Duluth's energy plant is taking a long summer vacation from coal

During a 7-month trial run, they'll use natural gas to power the plant that heats and cools downtown buildings.
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The smokestack of Duluth Energy Systems against the city's hillside

The smokestack of Duluth Energy Systems against the city's hillside

Duluth is ditching coal for awhile. The city-owned plant that provides heating and cooling to about 200 buildings downtown will run on natural gas instead of coal for the next seven months, Mayor Emily Larson announced Wednesday.

The city's system sends steam through 10 miles of pipes to heat the buildings. They make that steam by pulling water from Lake Superior and heating it with boilers – that run on coal.

But during their April-through-October experiment, Duluth will instead use natural gas to operate the system. Larson expects the change will lead to a 40 percent drop in the amount of coal burned this year, cutting air pollution by about 15 percent.

As MPR News explains, operators of the plant (which is called Duluth Energy Systems) will still need to use coal during the coldest winter months. But they're hoping they can skip it the rest of the year.

Reducing carbon emissions was one of the priorities Larson laid out in her recent State of the City speech. She set the goal of a 15 percent reduction during her first term.

More efficiencies planned at the plant

The city is calling the switch to natural gas a "first step" because they have other plans for making the steam plant more efficient.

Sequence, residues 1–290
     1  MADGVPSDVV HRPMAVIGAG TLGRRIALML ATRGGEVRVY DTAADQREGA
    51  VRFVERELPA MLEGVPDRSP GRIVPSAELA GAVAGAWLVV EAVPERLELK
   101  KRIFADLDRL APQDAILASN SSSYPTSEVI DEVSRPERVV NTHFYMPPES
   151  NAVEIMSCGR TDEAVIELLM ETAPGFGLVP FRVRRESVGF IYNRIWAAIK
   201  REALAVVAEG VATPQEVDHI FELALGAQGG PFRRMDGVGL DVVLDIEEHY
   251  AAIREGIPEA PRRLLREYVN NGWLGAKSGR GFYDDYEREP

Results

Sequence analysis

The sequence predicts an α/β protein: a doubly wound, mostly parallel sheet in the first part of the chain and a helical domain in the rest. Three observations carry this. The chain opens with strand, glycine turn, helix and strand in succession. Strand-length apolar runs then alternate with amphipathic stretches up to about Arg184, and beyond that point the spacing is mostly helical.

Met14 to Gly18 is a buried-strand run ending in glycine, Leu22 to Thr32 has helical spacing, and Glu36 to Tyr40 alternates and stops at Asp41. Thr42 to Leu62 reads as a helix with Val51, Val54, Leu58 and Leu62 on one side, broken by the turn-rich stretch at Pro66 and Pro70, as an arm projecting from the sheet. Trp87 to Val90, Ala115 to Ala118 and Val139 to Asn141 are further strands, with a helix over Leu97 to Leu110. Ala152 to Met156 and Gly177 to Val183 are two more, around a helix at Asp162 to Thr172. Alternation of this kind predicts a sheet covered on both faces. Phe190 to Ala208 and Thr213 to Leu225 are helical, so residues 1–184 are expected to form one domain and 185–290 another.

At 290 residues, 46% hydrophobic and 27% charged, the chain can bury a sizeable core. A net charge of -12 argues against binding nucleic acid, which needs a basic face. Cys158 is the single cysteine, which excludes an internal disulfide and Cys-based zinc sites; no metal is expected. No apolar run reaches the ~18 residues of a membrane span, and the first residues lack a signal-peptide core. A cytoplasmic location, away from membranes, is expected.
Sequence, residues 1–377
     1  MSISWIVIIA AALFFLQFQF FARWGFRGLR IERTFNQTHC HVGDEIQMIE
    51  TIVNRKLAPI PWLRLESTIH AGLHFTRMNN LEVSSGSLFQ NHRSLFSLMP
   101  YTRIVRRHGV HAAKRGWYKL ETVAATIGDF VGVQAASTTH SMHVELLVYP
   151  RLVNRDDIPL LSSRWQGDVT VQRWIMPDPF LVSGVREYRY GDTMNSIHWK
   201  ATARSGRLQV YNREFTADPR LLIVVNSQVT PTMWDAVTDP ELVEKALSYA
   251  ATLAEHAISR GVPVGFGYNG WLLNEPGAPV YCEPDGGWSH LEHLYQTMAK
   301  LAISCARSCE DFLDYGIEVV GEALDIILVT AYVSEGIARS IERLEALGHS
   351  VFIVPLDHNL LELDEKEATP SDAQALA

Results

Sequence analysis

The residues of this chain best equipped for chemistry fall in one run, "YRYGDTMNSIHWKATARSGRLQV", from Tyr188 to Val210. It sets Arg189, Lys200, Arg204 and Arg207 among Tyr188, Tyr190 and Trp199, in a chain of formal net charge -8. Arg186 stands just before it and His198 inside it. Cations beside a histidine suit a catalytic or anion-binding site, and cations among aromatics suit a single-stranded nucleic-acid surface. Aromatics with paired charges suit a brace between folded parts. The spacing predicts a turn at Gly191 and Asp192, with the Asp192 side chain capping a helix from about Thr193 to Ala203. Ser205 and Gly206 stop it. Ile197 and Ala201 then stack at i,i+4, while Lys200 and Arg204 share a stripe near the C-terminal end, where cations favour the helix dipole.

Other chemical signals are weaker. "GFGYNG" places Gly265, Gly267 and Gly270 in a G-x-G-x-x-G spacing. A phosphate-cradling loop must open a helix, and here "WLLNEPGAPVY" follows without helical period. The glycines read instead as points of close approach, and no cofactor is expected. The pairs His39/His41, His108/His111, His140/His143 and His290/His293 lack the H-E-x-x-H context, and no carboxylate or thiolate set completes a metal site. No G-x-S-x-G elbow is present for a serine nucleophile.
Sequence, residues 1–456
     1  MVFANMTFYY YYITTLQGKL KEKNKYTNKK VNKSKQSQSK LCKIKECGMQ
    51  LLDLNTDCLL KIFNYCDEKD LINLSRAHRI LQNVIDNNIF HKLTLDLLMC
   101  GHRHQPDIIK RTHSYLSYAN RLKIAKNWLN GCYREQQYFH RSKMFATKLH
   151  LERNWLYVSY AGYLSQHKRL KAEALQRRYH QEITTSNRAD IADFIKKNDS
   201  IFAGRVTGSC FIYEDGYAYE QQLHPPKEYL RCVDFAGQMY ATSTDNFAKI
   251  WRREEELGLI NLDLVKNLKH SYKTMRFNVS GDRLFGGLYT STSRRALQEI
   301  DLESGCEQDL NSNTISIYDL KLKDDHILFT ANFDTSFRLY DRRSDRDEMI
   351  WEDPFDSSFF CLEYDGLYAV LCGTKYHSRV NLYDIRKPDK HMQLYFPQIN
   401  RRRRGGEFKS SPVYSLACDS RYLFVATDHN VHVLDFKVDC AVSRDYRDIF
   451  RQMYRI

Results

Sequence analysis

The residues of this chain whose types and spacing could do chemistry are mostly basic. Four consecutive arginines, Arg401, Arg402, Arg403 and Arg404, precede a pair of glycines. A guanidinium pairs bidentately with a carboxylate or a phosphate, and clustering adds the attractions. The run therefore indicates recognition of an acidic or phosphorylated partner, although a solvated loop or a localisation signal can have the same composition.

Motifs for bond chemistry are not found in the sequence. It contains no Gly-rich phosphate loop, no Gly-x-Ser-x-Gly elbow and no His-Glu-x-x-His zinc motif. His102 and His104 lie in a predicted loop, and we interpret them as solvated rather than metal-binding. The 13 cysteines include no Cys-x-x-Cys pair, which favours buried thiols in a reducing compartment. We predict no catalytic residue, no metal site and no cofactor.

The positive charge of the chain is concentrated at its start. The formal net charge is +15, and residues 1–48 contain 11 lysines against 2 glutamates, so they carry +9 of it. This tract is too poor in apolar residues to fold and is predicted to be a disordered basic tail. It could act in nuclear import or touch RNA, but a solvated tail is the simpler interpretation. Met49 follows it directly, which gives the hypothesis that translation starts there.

One of the goals set by Ever-Green Energy, the company that operates the plant, is to use hot water instead of steam to heat the buildings in its network. Using hot water would allow the plant to serve buildings farther away from its boiler. But a city official told Midwest Energy News about another advantage, too.

In a hot water system the heat can be recovered after it passes through the buildings, in what's sometimes called a "closed system." The steam system they're using now creates condensation, which just runs into the storm sewers and returns to Lake Superior.

Larson says Duluth has asked the Legislature for $21 million to pay for converting the plant to hot water. Ever-Green Energy is already using a hot water system in St. Paul, where it runs the District Energy plant that serves hundreds of downtown buildings.

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